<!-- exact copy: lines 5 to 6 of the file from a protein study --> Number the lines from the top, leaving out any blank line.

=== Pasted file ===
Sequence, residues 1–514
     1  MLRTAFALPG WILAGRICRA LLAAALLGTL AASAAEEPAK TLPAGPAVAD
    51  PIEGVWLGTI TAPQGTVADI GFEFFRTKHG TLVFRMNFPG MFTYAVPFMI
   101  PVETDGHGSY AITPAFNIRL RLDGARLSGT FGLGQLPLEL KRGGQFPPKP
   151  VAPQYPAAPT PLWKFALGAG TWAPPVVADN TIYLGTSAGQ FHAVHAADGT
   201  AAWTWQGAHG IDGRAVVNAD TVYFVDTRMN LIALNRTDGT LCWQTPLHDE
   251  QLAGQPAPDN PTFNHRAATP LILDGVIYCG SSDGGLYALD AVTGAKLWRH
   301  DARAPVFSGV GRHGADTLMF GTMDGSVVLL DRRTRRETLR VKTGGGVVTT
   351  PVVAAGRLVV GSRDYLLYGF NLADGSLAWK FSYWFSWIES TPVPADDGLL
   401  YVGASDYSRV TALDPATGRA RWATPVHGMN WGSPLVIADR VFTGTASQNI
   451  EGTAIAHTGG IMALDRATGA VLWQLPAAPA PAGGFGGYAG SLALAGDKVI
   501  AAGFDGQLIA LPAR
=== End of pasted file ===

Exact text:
   151  VAPQYPAAPT PLWKFALGAG TWAPPVVADN TIYLGTSAGQ FHAVHAADGT
   201  AAWTWQGAHG IDGRAVVNAD TVYFVDTRMN LIALNRTDGT LCWQTPLHDE